The End of the World As We Know It
There’s no debating that we’re in tumultuous times, but who’s coming out ahead and who will be left behind? We asked geopolitical strategist Peter Zeihan, critically acclaimed author of The End of the World is Just the Beginning: Mapping the Collapse of Globalization. Through his work at the U.S. State Department, private intelligence company Stratfor, and his own firm (Zeihan on Geopolitics), Peter has gained a unique perspective of the way the world works and offers some insight about the end of globalization.
Comments are edited excerpts from our podcast, which you can listen to in full below.
We’ve lived in freakishly good times, but you’re telling us the world as we know it is going to end. How did we get here?
Peter Zeihan: Before World War II, you had the British system, the French system, and so on, and these systems competed for everything. If you weren’t one of those imperial systems, you were probably one of the pieces that was fought over. There was always the looming risk of military conflict.
At the end of World War II, Americans made an offer. We would patrol the global oceans so that anyone could go anywhere, if in exchange everyone else would line up with us to fight the Soviets in the Cold War.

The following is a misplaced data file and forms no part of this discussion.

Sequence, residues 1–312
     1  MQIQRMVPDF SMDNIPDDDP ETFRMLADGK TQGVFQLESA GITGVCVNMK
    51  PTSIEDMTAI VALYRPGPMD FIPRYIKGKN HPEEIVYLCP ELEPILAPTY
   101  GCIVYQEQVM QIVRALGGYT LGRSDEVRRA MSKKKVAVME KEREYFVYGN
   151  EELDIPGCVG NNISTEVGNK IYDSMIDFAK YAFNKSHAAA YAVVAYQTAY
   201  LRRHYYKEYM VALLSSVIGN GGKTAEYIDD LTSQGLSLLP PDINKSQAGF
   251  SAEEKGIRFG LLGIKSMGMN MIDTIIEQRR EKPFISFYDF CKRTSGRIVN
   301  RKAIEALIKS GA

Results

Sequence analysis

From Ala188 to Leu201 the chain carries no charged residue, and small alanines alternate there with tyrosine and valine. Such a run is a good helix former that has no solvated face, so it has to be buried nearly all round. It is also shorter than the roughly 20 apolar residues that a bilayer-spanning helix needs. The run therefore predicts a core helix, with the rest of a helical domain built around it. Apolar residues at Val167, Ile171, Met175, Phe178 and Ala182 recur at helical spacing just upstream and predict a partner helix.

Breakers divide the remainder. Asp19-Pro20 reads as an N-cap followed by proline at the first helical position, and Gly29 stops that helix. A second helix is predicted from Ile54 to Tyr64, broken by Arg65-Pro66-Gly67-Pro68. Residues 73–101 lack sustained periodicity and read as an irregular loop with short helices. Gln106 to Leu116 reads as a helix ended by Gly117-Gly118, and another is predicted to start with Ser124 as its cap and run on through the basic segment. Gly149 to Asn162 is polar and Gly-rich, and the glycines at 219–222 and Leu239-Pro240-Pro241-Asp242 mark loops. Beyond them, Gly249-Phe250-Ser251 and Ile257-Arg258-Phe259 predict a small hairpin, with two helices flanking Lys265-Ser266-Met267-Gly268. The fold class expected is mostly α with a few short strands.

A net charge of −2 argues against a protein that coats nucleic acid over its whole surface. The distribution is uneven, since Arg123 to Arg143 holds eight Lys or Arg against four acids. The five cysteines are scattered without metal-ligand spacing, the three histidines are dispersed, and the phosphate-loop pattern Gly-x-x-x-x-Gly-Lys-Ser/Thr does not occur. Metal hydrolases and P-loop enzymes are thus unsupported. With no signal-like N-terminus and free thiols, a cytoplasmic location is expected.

Countries are having to figure out how to go it alone, and for most, that will not be possible. Energy and food are not necessarily produced where you live. If you break down global trade, you see cascading failures in absolutely every economic sector. — Peter Zeihan
And it worked. For the first time in human history, there was a global market for manufactured goods, energy, finance, and transport. So everyone started to specialize, and that specialization brought us to the world we’re in today—where supply chains can have hundreds of steps with no risk, where products can cross the world in a matter of days, where people can finance the purchases relatively easily.
Since COVID, we have begun moving into a deglobalized era. We’re at the very beginning of the end of what we’ve come to know.
But why does it need to end? It brought many good things.